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2021 Narrative Bio
I had the good fortune to grow up in a family who valued being outdoors, education and the arts. Our Manchester, CT neighborhood backed onto wooded acres lined with old stone walls. Both parents were trained in the sciences, and for them, relaxation was building and maintaining our gardens. My maternal grandmother taught me to identify native wildflowers on woodland walks and took me to the Glass Flowers at The Harvard Museum of Natural History for the first time. Early on, our vacations were spent near Cape Cod Bay. In retrospect, it seems simple, safe and open to options and opportunity.

Memorable high school courses were biology and art, because both connected hands with the brain.
I distinctly remember my first look through a microscope of water plants I had collected, then drawing their close-up details. I began drawing on my own, enjoying the quiet concentration of the projects. When I entered Skidmore College as a bio major, I continued taking drawing and painting classes. It was a natural transition from the examination of living things in a lab to visualizing those processes as imagery in paintings and prints. I can date my interest in the effects of climate conditions on human activity, to a lecture by Margaret Mead, although I found the concepts she presented startling and confusing.

At the end of the 1960s I arrived in Baltimore to work with Grace Hartigan at the Hoffberger School of Painting, Maryland Institute College of Art. While my painting skills and concepts were maturing, Grace taught us how to be artists.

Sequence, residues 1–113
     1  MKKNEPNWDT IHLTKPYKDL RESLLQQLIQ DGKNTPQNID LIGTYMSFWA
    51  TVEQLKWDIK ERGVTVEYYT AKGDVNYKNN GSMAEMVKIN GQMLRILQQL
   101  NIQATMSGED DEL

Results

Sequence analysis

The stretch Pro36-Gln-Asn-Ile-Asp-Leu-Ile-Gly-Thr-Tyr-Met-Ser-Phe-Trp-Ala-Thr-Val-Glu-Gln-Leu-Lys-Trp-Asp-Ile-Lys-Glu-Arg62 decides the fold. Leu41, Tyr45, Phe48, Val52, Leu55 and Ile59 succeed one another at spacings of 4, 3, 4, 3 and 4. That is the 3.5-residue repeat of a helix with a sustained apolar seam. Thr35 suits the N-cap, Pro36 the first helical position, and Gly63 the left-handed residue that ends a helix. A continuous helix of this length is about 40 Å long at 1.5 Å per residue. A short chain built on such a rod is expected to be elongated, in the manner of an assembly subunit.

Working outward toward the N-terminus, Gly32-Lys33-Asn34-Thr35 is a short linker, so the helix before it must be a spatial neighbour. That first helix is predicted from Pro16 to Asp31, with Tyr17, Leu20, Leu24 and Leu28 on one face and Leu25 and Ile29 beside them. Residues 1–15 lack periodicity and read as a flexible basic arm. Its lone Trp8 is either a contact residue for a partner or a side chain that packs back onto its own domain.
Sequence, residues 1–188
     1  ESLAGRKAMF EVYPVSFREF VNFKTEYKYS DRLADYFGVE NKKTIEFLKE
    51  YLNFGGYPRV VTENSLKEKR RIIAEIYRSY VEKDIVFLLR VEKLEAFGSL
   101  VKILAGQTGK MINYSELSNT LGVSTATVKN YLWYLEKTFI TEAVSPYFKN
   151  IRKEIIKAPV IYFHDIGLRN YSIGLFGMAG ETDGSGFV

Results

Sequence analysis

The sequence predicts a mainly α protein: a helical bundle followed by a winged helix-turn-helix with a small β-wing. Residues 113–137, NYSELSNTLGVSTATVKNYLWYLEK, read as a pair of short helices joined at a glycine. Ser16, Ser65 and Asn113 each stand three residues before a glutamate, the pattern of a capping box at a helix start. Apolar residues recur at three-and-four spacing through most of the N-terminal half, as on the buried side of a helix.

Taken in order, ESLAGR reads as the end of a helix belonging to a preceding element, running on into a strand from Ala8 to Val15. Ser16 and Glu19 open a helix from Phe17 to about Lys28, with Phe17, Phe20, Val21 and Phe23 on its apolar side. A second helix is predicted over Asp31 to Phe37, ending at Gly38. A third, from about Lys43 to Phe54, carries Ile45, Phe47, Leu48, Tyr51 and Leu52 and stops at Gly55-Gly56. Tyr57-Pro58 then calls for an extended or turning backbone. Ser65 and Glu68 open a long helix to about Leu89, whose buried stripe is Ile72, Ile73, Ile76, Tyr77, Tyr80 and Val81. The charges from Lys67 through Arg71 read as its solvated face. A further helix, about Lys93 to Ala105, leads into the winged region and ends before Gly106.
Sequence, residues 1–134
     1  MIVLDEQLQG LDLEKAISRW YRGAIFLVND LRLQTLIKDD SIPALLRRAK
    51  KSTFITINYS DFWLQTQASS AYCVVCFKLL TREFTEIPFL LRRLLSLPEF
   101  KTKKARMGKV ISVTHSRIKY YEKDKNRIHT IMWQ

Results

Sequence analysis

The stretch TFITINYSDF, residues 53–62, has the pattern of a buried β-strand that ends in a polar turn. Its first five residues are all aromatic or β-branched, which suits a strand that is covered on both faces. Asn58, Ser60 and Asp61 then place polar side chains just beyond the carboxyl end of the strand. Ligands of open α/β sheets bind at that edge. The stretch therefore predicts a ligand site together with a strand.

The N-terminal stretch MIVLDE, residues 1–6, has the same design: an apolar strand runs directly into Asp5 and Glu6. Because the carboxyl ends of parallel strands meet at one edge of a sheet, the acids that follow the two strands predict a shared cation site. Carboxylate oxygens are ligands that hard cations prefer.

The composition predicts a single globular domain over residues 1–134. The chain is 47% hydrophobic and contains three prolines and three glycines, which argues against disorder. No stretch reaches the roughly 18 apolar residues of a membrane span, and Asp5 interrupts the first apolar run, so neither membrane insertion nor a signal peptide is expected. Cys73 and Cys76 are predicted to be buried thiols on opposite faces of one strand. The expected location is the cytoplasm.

My work has been exhibited widely in the United States, as well as France and Japan. I am represented by Goya Contemporary in Baltimore and my work is included in many private and public collections including the Baltimore Museum of Art and the Washington County Museum of Fine Arts. The honors I’ve received include a Maryland State Arts Council Fellowship and the Mellon Arts Grant. I’m Professor Emeritus from MICA’s Painting Department and live with husband, Designer Lew Fifield, in Baltimore City.

While a great deal has changed in the natural world, my process echoes early experiences, walking woods and beaches collecting stones and plant material. I line my studio with the gathered specimens, which I research and drawn as I layer imagery into painted and digital mediums. Similarly, the concepts have evolved from representing the natural shapes I found wondrous, to visualizing the conditions of the climate crisis. The work celebrates the intricacies of thriving ecosystems yet laments threatened species. Such dichotomies, in nature as in art, bind us together as living entities in, on, and of the earth.

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